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Michigan Representative John Dingell announced today that he will retire after nearly six decades in the House of Representatives. His leadership was instrumental in the passage of some of our nation’s groundbreaking environmental laws, including the National Wildlife Refuge System Administration Act, the Endangered Species Act, the Clean Water Act and the National Environmental Policy Act. Representative Dingell set the high bar for wildlife conservation in this country and demonstrated to generations of Americans that our nation’s natural resources are too valuable to be left unprotected.
The U.S. Fish and Wildlife Service (the Service) announced that it will seek public comments on the management of private oil and gas development activities within federal wildlife refuges in the country’s National Wildlife Refuge System. The Service plans to work with a variety of stakeholders to ensure that best conservation and management practices are utilized when reserved, private oil and gas interests are developed on refuge land. Below-surface mineral rights are privately owned on many refuge lands, and more than 200 refuges contain active oil and gas operations that currently lack comprehensive oversight. Moreover, the Fish and Wildlife Refuge System regulations for managing private oil and gas activities on national wildlife refuges are horribly outdated and inadequate for ensuring that private oil and gas activities on refuges avoid, minimize and mitigate adverse impacts to refuge resources.
Defenders of Wildlife, Friends of the Sea Otter, The Humane Society of the United States and the Humane Society Wildlife Land Trust, California Department of Fish and Wildlife, Monterey Bay Aquarium, U.C. Davis Karen C. Drayer Wildlife Health Center, and individual donor Dusty Nabor, are offering a $21,000 reward for information leading to the arrest and conviction of the person(s) responsible for fatally shooting three threatened southern sea otters found at Asilomar Beach, near Monterey, California in early September of 2013.
Yellowstone National Park has begun to round up and ship wild bison to slaughterhouses as they cross the park’s boundaries in search of lower snow depths outside the Park. On Wednesday, the first shipment of what will ultimately be many truckloads of bison left the Yellowstone National Park’s Stephens Creek facility for transport to a northwest Montana slaughterhouse. Another 26 were shipped to the slaughterhouse on Thursday. This capture and slaughter program, implemented by the National Park Service, is meant to keep the Yellowstone bison population below an arbitrary cap of 3,000.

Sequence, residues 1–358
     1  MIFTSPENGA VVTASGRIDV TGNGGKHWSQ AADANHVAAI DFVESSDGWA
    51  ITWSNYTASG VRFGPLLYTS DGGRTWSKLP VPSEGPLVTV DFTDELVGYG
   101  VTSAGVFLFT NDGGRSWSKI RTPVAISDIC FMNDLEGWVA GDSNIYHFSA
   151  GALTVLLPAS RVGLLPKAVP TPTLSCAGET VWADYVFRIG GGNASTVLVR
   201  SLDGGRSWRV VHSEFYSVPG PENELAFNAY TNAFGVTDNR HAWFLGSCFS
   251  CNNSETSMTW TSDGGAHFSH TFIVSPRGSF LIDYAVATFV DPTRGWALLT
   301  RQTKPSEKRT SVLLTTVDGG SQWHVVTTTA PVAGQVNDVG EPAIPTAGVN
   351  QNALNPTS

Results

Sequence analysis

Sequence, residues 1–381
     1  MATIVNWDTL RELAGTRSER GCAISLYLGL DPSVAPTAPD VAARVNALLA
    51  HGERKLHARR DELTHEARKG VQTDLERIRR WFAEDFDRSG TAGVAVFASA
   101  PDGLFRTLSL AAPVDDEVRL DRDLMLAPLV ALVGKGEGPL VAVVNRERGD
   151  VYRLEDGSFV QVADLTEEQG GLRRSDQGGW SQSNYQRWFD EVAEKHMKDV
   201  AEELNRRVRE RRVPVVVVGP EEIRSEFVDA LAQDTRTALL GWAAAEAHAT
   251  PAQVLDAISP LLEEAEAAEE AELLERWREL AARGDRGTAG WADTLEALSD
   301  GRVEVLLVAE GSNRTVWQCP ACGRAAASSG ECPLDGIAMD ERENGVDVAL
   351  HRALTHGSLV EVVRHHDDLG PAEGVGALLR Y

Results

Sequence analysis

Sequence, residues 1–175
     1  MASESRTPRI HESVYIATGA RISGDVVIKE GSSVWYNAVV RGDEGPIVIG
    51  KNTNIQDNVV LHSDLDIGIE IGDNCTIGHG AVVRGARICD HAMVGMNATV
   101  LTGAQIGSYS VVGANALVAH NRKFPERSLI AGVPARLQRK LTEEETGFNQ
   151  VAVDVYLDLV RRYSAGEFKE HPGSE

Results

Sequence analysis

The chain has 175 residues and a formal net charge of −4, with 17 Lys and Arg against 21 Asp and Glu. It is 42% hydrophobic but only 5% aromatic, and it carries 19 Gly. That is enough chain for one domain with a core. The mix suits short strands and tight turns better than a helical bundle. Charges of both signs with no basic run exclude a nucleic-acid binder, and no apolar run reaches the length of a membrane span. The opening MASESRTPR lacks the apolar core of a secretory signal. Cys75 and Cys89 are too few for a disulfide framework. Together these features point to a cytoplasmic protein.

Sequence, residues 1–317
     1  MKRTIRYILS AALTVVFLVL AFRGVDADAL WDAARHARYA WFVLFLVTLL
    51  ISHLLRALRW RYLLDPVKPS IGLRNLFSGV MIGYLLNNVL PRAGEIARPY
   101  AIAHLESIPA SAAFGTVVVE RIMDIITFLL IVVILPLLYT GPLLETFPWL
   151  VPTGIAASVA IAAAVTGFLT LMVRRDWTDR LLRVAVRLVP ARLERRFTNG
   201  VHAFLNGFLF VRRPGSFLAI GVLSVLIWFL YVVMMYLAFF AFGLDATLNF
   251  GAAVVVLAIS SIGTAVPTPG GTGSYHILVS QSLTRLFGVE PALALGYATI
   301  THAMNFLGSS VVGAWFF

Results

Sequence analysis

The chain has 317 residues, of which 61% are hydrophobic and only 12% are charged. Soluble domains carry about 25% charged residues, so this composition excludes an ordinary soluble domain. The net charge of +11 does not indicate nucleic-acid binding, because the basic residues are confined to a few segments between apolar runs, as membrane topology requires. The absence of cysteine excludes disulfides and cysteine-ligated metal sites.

In an effort to inflate elk populations for commercial outfitters and hunters, the Idaho Department of Fish and Game (IDFG) hopes to kill 60 percent of the wolves in the Middle Fork area of central Idaho’s Frank Church River of No Return Wilderness, according to a predator management plan for the area released this week.
Panel members of the independent scientific peer review committee conducted by the National Center for Ecological Analysis and Synthesis at the University of California, Santa Barbara today told the U.S Fish and Wildlife Service (the Service) that the science behind the proposal to strip federal protections for gray wolves across nearly all of the lower 48 states was not based on the best available.
A bill to establish a wolf control board to kill most of the wolves in the state gained traction this week in Idaho’s state legislature.
Rep. Doc Hastings (R-Wa.) today released a report and a set of proposals that would radically change the way the Endangered Species Act (ESA) works, severely curtailing the act’s ability to protect the nation’s most imperiled species.
Washington Department of Fish & Wildlife (WDFW) recently released a new wolf management protocol that will remove important safeguards for recovering wolf packs in the state. Today, Defenders of Wildlife sent Governor Inslee a letter requesting that he work with WDFW to rescind this protocol until the WDFW’s stakeholder Wolf Advisory Group and the public have an opportunity to provide further input on this matter.
Today, the Fish and Wildlife Service released the official annual count of Mexican gray wolves in Arizona and New Mexico. This year’s count tallied 83 wolves, an increase of only eight individuals from the 2012 year-end population of 75 wolves.